Best Treatment for Sebaceous Hyperplasia?

Hello - Which is a good method to eradicate them -- radio surgery (which looks like a loop) or radio frequency (which uses a needle)? Is it true that radio freq will create a uneven divet (sp?) in the skin? I have about 10 or so on face and I'm looking all over for the correct treatment and would like to know where I can find someone who does either. thank you

Doctor Answers 4

Treatment of Sebaceous Hyperplasia

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There are many treatments available for sebaceous hyperplasia and all come with risks. I am partial to intralesional desiccation, a procedure where the lesion is anesthetized using tiny needles and a fine needle is inserted into each lobule of the lesion and heated using electricity. This is usually extremely effective and most often leaves very little scarring or skin depression. I often recommend treating one to three lesions first, and if they do well, treat more. It is also relatively inexpensive.

Other options exist, including lasers, cryosurgery, acid peels, and regular electrodesiccation. 

Boca Raton Dermatologic Surgeon
5.0 out of 5 stars 3 reviews

Sebaceous hyperplasia treatment

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It is important to have the lesions evaluated first by a dermatologist to confirm the diagnosis of sebeaceous hyperplasia.  The areas that concerns you can then be burned with an electric needle.  This method allows for targeted treatment of the area and minimizes scarring.  If you have multiple areas of concerns, your dermatologist can first treat a "test spot" to check your reaction.  If you are happy with the outcome, the remaining lesions can then be treated. 

Aurora Badia, DO
Fort Myers Dermatologist

Good news...almost anything works for this recurrent problem...

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some people are prone to this common condition...treatment varies with doctor preference...I use an electrosurgical needle...a my first very well without scarring on small lesions...some like to use liquid nitrogen depending on size...can get fancier but no reason... seems anything that stimulates the glands may make it worse if you're genetically humid environment, spicy hot foods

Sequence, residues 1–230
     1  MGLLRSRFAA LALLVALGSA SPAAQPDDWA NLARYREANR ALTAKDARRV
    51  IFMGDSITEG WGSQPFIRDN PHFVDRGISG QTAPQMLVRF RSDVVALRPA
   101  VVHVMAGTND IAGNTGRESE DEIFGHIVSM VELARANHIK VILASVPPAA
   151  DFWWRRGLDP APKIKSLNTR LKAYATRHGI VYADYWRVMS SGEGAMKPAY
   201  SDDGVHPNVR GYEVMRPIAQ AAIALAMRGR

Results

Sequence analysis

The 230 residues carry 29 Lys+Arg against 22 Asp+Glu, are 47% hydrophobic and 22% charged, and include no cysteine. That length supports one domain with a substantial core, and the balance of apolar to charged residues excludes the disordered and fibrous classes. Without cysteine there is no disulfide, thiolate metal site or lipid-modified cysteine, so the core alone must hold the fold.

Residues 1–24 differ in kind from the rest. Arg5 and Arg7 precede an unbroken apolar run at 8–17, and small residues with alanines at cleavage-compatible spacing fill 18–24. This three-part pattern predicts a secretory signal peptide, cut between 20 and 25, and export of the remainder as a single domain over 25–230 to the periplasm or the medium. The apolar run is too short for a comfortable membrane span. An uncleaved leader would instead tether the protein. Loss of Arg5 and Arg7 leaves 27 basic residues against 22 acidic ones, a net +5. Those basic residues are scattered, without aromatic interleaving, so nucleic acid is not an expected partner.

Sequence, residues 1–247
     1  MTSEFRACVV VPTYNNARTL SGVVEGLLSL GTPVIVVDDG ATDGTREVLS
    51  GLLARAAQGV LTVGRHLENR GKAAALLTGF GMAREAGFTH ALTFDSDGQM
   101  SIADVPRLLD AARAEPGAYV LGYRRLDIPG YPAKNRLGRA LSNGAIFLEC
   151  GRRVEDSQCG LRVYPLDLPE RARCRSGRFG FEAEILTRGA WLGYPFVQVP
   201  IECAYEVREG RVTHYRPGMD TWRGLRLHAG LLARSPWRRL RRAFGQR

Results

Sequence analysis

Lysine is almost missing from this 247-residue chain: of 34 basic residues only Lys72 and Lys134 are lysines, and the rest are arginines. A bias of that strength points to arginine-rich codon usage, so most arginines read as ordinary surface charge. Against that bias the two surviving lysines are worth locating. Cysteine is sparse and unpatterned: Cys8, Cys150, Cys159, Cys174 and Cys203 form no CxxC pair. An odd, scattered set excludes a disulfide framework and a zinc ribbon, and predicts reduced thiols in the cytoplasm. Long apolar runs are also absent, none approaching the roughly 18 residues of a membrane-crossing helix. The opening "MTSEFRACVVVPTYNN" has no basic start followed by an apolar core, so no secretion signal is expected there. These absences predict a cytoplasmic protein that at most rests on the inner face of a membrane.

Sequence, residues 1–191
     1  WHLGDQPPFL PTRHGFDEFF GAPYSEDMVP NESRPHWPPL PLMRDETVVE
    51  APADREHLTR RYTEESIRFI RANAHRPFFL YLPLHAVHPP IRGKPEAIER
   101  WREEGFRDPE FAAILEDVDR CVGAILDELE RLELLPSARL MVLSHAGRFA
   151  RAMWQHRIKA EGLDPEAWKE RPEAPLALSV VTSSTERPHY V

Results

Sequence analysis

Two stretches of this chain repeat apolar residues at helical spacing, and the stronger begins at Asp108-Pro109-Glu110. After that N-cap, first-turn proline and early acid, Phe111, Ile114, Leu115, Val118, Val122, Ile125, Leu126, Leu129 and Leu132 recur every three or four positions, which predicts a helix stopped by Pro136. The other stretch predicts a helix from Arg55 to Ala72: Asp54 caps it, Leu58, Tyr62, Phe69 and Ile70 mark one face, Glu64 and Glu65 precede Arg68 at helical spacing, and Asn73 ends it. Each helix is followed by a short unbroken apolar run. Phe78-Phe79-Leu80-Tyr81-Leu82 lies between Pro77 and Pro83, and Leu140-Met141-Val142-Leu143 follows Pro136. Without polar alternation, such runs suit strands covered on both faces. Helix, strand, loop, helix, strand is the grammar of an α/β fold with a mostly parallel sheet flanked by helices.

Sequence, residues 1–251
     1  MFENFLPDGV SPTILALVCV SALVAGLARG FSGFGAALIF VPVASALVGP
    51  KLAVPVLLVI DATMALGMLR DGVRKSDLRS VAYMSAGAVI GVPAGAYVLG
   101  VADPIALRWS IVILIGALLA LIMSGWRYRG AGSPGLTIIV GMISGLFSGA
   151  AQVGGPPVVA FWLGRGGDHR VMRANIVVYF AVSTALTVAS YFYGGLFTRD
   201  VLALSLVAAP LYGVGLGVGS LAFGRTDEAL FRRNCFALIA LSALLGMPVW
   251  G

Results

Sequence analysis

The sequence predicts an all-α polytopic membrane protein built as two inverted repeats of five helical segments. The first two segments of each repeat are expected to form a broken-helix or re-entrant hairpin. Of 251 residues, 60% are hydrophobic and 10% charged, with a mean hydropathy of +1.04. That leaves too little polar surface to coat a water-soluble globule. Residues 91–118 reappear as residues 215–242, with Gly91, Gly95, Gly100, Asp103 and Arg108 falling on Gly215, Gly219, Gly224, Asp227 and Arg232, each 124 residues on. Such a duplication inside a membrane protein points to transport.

Ken Landow, MD
Las Vegas Dermatologist

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Sebaceous hyperplasia

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These yellowish bumps on the skin can be very small or large. If they are numerous or atypical they should be checked by a dermatologist. Very unusually these lesions can be associated with colon problems and a colonoscopy might be worthwhile. All destructive treatments, shaving, Ellman radiosurgery/radiofrequency, electrodesiccation can result in some lesions becoming deeper than the normal surrounding skin. In expert hands, the very careful application of a very strong concentration of 100% trichloracetic acid may help flatten them. The only way to prevent the same lesion from regrowing would be to surgically excise it but that may leave an unsatisfactory result.

Ronald Shelton, MD
Manhattan Dermatologic Surgeon
4.9 out of 5 stars 39 reviews

These answers are for educational purposes and should not be relied upon as a substitute for medical advice you may receive from your physician. If you have a medical emergency, please call 911. These answers do not constitute or initiate a patient/doctor relationship.